Date of Award


Degree Type


Degree Name

Doctor of Philosophy (PhD)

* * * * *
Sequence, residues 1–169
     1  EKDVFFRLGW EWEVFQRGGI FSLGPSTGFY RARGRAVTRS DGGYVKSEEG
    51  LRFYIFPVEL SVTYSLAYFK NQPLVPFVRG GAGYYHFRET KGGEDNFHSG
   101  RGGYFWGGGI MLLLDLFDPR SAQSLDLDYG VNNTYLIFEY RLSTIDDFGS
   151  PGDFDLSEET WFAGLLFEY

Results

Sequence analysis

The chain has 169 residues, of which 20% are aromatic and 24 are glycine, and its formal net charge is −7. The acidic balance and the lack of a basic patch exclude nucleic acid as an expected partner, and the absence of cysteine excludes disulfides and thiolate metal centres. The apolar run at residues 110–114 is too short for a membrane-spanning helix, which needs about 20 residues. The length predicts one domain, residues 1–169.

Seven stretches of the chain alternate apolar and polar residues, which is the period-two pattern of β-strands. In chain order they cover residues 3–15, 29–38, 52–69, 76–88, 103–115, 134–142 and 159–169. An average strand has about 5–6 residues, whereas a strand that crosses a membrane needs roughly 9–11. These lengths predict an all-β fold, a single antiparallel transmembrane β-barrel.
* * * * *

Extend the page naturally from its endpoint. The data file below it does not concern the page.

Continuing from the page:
Recent advances in genomics research have revealed that preconception behaviors and experiences of mothers and fathers, including diet, environmental toxicants, and drug abuse, can impact future offspring through epigenetic mechanisms. This means that the risky behaviors of young people, such as the extremely popular practice of binge drinking, have potentially far-reaching consequences for generations to come. While there has been considerable research into fetal alcohol exposure and parental alcoholism, there has yet to be sufficient investigation into the mechanism of epigenetic inheritance or the functional consequences of parental preconception binge pattern alcohol abuse. The hypothesis tested herein is that parental preconception alcohol exposure can impact offspring through epigenetic inheritance of DNA methylation patterns in the hypothalamus, leading to impaired hypothalamic function during development and a predisposition to neurodegeneration. This dissertation reveals that 1) male offspring of both maternal and paternal preconception alcohol exposure have genome-wide changes in methylation patterns in the hypothalamus, 2) offspring have altered hypothalamic function resulting in modest phenotypic and behavioral changes lasting through pubertal development, 3) parental preconception alcohol exposure does not confer advantages to offspring for improved alcohol metabolism, and 4) lipid homeostasis may be disrupted in the brain of alcohol-naïve offspring following parental alcohol exposure, as well in the brain of the parents themselves. These results suggest that parental preconception alcohol exposure confers maladaptive epigenetic traits to first generation offspring.

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